Tuesday, January 22, 2013

Is Your Child Ready To Potty-Train?

One thing you've probably learned by now is that every child is different. We can have some *basic* ideas about when something is 'supposed' to occur (first steps, weaning off the bottle, sleeping through the night, etc), but they all happen when your child is ready for them. Potty training is no different. This is a unique milestone because, unlike first steps or first words, it comes about over time and takes work on your part as well as for your child. It tends to take place between 20 and 30 months of age, but it's not something you can 'force'. It has to happen when your child is ready for it. How can you tell when your child is ready to potty train? Here are a few things to look for.

  • Does your child know when he is 'in the process' of urinating or defecating? Potty training is the time when kids learn to control these bodily functions, but they have to realize when the processes are about to happen before they can learn what to do about them.
  • Can she walk or run well? Little children tend to have quick 'urges', so she'll need to be able to get to the bathroom on her own so that she doesn't have an 'accident'.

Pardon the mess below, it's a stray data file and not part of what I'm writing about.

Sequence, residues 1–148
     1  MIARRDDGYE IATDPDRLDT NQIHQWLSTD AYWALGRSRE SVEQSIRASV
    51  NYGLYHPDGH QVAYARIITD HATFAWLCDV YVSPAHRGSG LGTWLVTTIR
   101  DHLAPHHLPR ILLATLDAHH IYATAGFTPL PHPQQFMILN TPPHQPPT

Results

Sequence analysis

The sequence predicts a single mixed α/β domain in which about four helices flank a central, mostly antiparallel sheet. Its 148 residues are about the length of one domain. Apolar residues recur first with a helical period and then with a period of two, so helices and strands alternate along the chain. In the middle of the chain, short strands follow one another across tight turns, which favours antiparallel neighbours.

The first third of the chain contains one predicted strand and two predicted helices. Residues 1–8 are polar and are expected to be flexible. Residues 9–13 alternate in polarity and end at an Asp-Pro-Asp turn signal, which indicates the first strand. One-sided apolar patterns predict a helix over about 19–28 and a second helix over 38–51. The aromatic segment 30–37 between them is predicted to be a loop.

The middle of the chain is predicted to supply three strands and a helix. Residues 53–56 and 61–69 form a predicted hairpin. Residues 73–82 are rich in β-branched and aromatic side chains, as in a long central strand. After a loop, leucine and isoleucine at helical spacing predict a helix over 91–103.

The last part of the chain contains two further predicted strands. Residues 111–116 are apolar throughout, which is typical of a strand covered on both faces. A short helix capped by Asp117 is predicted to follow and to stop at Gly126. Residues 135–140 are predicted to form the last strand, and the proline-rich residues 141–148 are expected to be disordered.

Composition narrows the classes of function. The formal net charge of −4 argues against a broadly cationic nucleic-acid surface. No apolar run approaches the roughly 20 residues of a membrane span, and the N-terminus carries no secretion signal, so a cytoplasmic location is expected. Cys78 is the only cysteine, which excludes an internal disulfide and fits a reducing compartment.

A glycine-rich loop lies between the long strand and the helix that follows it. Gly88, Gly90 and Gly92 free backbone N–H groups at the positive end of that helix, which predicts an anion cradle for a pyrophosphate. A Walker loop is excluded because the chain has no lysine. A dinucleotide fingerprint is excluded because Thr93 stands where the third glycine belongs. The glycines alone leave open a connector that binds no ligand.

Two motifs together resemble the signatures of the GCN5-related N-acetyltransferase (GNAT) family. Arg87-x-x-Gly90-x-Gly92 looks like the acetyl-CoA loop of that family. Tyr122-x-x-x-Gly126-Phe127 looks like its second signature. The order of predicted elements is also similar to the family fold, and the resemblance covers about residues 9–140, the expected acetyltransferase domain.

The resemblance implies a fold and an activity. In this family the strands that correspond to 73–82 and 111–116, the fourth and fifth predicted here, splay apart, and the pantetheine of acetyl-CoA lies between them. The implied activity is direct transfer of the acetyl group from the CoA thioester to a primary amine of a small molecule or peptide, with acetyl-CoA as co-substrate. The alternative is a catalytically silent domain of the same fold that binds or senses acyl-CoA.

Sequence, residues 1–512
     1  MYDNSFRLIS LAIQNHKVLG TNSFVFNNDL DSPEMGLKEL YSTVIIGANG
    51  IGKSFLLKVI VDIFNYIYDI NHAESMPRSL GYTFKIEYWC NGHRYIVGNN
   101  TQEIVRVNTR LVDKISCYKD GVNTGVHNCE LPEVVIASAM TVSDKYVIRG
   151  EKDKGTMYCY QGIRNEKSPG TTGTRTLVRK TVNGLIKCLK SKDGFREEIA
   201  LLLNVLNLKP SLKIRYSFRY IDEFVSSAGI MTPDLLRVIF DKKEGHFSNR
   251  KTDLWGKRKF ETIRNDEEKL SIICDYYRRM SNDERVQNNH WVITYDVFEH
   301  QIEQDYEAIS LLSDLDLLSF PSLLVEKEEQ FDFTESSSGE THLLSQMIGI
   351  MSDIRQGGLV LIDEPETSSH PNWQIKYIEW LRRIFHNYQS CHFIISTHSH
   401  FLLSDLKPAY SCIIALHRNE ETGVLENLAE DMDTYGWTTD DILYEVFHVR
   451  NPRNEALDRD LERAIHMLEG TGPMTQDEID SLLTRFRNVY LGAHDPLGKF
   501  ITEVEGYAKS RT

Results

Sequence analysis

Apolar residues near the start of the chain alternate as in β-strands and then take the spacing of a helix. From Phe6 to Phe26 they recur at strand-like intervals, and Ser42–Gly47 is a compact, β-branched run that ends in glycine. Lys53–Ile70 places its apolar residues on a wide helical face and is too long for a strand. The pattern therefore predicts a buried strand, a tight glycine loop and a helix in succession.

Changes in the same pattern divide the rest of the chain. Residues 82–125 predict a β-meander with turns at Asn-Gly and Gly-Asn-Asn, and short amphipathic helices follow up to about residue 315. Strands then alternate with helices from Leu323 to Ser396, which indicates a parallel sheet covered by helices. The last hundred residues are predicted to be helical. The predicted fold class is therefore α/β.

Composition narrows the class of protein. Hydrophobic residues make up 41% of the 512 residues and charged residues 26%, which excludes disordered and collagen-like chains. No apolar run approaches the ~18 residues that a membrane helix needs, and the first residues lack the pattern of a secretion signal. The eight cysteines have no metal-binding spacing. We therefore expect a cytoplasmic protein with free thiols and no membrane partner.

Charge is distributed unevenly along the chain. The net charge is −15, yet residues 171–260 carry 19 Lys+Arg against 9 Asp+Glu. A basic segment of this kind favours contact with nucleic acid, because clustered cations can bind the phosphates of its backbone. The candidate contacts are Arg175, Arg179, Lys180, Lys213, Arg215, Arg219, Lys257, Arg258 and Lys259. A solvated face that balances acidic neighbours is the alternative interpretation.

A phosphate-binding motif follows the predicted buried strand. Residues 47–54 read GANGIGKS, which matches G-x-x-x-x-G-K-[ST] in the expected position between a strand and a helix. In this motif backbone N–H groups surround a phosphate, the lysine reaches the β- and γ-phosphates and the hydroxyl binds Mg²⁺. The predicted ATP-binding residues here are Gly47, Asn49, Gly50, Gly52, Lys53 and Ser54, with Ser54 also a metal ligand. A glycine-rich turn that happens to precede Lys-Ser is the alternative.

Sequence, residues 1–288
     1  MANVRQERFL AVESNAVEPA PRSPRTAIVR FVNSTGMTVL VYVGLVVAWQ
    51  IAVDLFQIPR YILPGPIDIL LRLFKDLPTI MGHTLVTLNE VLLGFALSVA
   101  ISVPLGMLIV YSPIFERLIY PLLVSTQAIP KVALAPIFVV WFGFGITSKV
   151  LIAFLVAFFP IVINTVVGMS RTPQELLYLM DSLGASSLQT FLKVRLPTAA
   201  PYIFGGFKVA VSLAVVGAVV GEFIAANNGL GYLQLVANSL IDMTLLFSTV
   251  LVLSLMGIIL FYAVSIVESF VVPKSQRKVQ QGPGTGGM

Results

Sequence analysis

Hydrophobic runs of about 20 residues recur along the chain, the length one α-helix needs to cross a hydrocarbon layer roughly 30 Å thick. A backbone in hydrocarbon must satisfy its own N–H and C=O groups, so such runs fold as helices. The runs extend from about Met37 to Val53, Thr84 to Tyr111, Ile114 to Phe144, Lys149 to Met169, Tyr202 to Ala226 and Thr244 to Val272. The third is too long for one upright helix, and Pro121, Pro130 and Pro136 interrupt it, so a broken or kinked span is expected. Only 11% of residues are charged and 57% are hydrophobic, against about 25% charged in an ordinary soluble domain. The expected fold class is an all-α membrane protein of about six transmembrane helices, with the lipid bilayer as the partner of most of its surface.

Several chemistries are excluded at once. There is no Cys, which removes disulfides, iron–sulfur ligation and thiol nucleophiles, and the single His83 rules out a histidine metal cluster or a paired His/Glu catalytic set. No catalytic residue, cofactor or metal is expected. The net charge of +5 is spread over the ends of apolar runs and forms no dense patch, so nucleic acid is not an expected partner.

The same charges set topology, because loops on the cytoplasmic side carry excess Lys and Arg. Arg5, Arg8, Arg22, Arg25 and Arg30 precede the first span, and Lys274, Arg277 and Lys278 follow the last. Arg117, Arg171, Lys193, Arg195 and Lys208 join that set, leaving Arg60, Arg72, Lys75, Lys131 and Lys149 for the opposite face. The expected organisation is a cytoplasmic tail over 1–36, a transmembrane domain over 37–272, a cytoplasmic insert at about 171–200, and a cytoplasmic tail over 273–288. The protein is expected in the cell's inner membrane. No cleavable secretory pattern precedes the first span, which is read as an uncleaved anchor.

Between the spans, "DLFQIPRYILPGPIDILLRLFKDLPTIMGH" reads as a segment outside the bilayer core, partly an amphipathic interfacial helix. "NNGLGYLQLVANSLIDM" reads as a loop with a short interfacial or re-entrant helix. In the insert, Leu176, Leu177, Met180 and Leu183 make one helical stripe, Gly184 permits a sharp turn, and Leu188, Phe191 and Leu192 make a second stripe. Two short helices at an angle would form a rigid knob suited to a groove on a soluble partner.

• Can your child focus on an activity for several minutes before getting distracted and going off to do something else? I probably don't have to tell you why this is important!
  • Can he easily get his pants up or down? He may have already started trying to pull at them, so this isn't hard to learn.
  • Can he follow simple instructions, such as getting up to the dinner table or coming when called? We probably don't notice them because we've been doing them for so long, but there are a lot of 'steps' to the process of using the bathroom. He needs to learn when and how to do things such as enter the bathroom, pull down his pants and underwear, actually sit on the toilet, clean himself afterward, flush and wash his hands, along with anything else I may have left out. If he can follow simple general directions, you are one step closer to teaching him these specific ones.
  • Above all, does she show an interest in it? She might want to know what you are doing when she sees you go into the bathroom and follow you in. This might seem strange to you at first, but it means that she has a desire to learn about it. Also, does she notice when she is dirty and want to be dry and clean? Does she see your 'big girl panties' and want some of her own? This is a big sign of interest because you can use it as an 'incentive' to learn to use the bathroom by herself.

This isn't an exhaustive list, but these are a few of the signs your child may be ready to begin potty training. Exactly how long the process takes differs from child to child, but it doesn't have to be a frustrating one.

1 comment:

  1. It wasn't entirely that difficult with my son. Though I know that this is something many parents have a hard time with.